From your memory list give yourself some short assignments. Take one and write about it for twenty minutes. Force yourself to keep to that short time period. You may be surprised at how much you get accomplished. Do these exercises over and over again and you will begin to assemble some nice vignettes for your story. Print them out and keep them in your binder with your memory list.
Another “short timer” approach is to decide that you are going to write a book about one significant event in your life or about a shorter period, such as your time in college, a travel adventure, military service or missionary experience. Your book doesn’t have to be your entire life. Focusing on a particular period can give you more focus and also be more achievable. If you do this well you can do it more than once and eventually piece together these different periods or events into a larger work.
Abigail Thomas, in the July/August 2008 edition of the AARP magazine, encourages people to write about their lives with two-page assignments. Some of her suggestions are writing two pages about a proposal of marriage, something that takes place in the woods, a child comforting an adult or taking your time. It’s all about stimulating your imagination and also…getting started.
A further tip she assigns her students is to write in just three word sentences. No more, no less. It can seem hard at first, but it really focuses you. It’s not about great grammar or description. It is about getting something down on paper. You can always go back and expand on your assignments.
The short timer approach to writing can help you overcome the intimidation of writing your life story. And I think you’ll discover more about yourself in these short pieces, and stay motivated because it is easier to accomplish.
You can read other articles on life-story writing here.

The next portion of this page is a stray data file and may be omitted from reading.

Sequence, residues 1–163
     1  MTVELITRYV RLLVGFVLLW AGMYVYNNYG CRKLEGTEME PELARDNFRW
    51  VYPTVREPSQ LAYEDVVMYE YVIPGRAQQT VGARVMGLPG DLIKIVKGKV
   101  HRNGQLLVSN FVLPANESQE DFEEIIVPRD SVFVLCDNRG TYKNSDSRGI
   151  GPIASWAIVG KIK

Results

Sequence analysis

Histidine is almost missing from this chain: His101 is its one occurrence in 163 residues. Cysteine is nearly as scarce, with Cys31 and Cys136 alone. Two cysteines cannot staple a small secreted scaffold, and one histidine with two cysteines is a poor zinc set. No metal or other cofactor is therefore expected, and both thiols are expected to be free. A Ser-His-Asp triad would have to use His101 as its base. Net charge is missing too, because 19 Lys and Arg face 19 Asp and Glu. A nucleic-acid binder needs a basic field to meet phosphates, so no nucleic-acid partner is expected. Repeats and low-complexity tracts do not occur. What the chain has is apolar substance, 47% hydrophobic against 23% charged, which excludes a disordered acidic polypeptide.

Resources You Can UseImage Permanence Institute
It’s important to know how to protect and preserve your photographs and images. The Image Permanence Institute is part of the Rochester Institute of Technology and their website is full of helpful and informative information.
Take a look and learn some good information about photo preservation and more.
Personal Legacy Advisors
“What you have learned is as valuable as what you have earned.” That’s a quote on the home page of yourethicalwill.com, a site devoted to helping you with value letters, ethical wills and other legacy issues. Susan Turnbull and her associates have some important information to consider. I think it’s a very informative site.
Have you checked out MemoryPress Books? This is a really great way to get started on your life story. And you can use the system for any number of different types of shorter projects. I frequently suggest commemorating a wedding, anniversary, graduation, career, a life changing event, funeral book or for any worthwhile reason.
You can start your MemoryPress Book process right away and for just $50. When you purchase your $50 publishing credit, you use MemoryPress FREE. It’s an incredible and user-friendly online way to build your story into a book. Upload pictures, invite others to contribute writing, select a cover and revise, edit and proof your book and then a turnkey process binds and prints it. Your entire $50 will go straight to publishing when you are finished with your memory book!
You can do the whole thing yourself with great customer support and instructions. If you find you need more help, like a writer or editor, I am available for hire to assist you and get that long awaited story to print. You can find out more at here.
Closing InformationThat’s it for this month’s issue. Thanks for reading. Be sure to visit our blog regularly, and here’s to telling your story. Do give it some serious consideration because I just know you’ve got a great story to tell! Be sure to see the Get Started section.
Any comments, ideas or feedback is greatly appreciated. Just reply to this ‘zine and tell me what you think!
Until next time, – keep your story alive!